Palmetto Schools History Text-Only Page

A Brief Summary

Early on families taught their own at home. During this time S.S. Lamb hired a tutor for his children. Later, he used a small log cabin as a school, and invited the neighbors.

Growth necessitated the building of a small frame schoolhouse and the hiring of teacher Mr. Nettles, and later Miss Frankie A. McKay (Frankie Howze).

In the late 1800's, the newly incorporated city of Palmetto built Palmetto Academy, the first public school in Manatee County.

Multi-storied red brick and concrete buildings followed, and in 1926 the Palmetto Grammar School building was added to the square block site between 7th and 8th Streets and 10th and 11th Avenues.

In 1947, Florida adopted the present system of having a single school district for each county and as a result Palmetto High School was merged into Bradenton High School and the school's name became Manatee County High School, which required changes in many school traditions. The school colors became red, white and blue by taking red from Palmetto's "red and black" and blue from Bradenton's "blue and gold" and adding white. Palmetto's yearbook had been the Palmetto Leaves, so the new one got the incongruous name of Manatee Leaves. The MCHS graduating class of 1958 was the last one to have students from both sides of the river, since Palmetto High School had been phased back beginning in 1957. Palmetto Junior and Senior High students moved to a new high school on 17th Street back in Palmetto adopting the current red, black & white school colors.

Palmetto Elementary remained in Palmetto during that time and presently consists of main buildings built in three phases from the 1960's to the 90's



  • In the school year 2000-01 (4/12/01) Palmetto El has 872 students enrolled in Kindergarten through 5th Grade.
  • In the "School Building Survey" of 1947, Pal El had 261 students in 1945-46, and 248 students in 1946-47.
  • In the school year 2000-01 (4/12/01) Palmetto El has 36 "Regular" & 5 "Special" teachers, and 49 staff.
  • Approximately 100 years ago Palmetto El had one teacher and no staff.
  • A building designated for use as a school has been available in the Palmetto area since the 1880's.
  • The Palmetto Academy built by the City of Palmetto was the first public school in Manatee County.
  • In 1999, Palmetto El had 25% (4 of 16) of Manatee County's first National Board Certified Teachers.
  • The gym was built in 1935 for $15,000.
  • The two-story Frankie A. Howze School building was built in 1926 for $62,500.
  • The two-story Senior High building was built in 1923 for $75,000.
  • The basic school site between 7th and 8th Streets and 9th and 10th avenues contains 3 1/2 to 4 acres.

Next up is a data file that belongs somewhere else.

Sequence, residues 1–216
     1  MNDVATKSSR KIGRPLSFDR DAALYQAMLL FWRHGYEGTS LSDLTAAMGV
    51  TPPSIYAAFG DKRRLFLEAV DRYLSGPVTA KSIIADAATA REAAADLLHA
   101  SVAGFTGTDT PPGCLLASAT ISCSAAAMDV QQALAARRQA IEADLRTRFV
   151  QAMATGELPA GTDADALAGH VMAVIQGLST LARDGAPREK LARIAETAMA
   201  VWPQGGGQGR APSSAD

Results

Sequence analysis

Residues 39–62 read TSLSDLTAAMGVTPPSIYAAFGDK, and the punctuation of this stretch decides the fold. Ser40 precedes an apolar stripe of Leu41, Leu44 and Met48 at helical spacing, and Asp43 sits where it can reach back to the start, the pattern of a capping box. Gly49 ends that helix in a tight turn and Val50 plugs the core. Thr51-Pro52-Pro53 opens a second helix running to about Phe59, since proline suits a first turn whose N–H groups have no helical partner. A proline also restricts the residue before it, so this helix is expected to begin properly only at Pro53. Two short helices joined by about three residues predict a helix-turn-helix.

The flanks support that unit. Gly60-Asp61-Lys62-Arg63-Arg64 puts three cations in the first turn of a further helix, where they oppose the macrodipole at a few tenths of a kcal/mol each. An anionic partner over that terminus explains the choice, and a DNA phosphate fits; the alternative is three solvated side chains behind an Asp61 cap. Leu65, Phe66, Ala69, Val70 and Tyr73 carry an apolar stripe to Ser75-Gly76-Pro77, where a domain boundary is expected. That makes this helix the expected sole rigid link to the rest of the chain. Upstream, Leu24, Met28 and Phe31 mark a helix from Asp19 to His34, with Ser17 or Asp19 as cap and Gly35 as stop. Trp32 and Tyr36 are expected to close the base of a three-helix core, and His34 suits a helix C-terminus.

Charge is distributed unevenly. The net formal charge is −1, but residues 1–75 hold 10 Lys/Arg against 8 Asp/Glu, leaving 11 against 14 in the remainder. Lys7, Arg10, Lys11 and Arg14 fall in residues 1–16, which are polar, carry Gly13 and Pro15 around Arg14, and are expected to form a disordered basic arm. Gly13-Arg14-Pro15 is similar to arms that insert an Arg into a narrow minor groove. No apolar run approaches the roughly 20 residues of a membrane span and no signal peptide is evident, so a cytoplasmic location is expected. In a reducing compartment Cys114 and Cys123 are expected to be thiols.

• The auditorium of the Frankie A. Howze school was 140 feet long X 75 feet wide, and had a capacity of 700.
  • In Diane Beck, Diane Popovice, Janet Stinton, and Renee Varnadore Palmetto El has the friendliest, most courteous office staff in the county.


In this relatively unsettled area in the mid-to-late 1800's, children's education was left to the means of their parents.

S.S. Lamb, our city's founder, hired a tutor, Mr. More, to teach his children at home.

As the area grew however, he moved them into a log cabin formerly owned by Madam Joe, a colorful early settler, and invited the neighbors

Log Cabin

A colorful early settler, Madam Joe, a German immigrant, came to the Terra Ceia area in 1843.

By 1851 she had bought from John Reese land and a partially built log cabin under the shade of six oak trees in Palmetto at the present site of the Palmetto Bed & Breakfast Inn on Riverside Dr. and 11th Avenue. Some of the oaks are living still.

Soon she built a larger house to the West, and converted the cabin to a store.

On Nov. 27, 1866, Madame Joe sold this property to Sarah Campbell, of Clarke County, Mississippi, about the same time that S.S. Lamb began his move from Clarke County, Mississippi.

On Feb. 3, 1868, Sarah Campbell sold the property to S. S. Lamb, who would own most of land in the area, and is today considered the Founding Father of Palmetto.

Mr. Lamb eventually converted Madam Joe's log cabin store into a schoolhouse, inviting others to send their children.

from 100 Years in Palmetto - Ruth E. Abel  

Frame Schoolhouse

 In 100 Years in Palmetto, Ruth E. Abel writes...

A frame schoolhouse was built on the southwest corner of 4th Street and 9th Avenue and J.W. Nettles became the teacher.

When Miss Frankie A. McKay from Chicago Palmetto in 1889, she found this schoolhouse used for public gatherings, town hall, and religious services. Mrs. M.B. Harrison was her assistant.(p. 107)

Because the school provided for children of all ages, Miss McKay divided students into two groups, and ordered and paid for books with her own money.  

Palmetto Academy

Palmetto soon outgrew the frame schoolhouse on 4th street. Because "parents wanted better educational facilities," a city was born.

In minutes dated July 9, 1894 of a town council meeting, it was decided to hold an election to pass a bond issue seeking to raise $1500 to build a schoolhouse.

The election results were 33 FOR and 9 AGAINST.

Palmetto Academy was built at the northeast corner of 7th St and 10th AV., and the people of Palmetto were proud. This was the first time public funds had been used to build a school. It was a two-story, frame structure.

Schools were not graded at this time. The school day started at 8:30 AM and dismissed at 4:00 PM. A fifteen minute recess divided the morning and afternoon sessions. Boys and girls played on opposite sides of the building. The school term lasted about 5 months.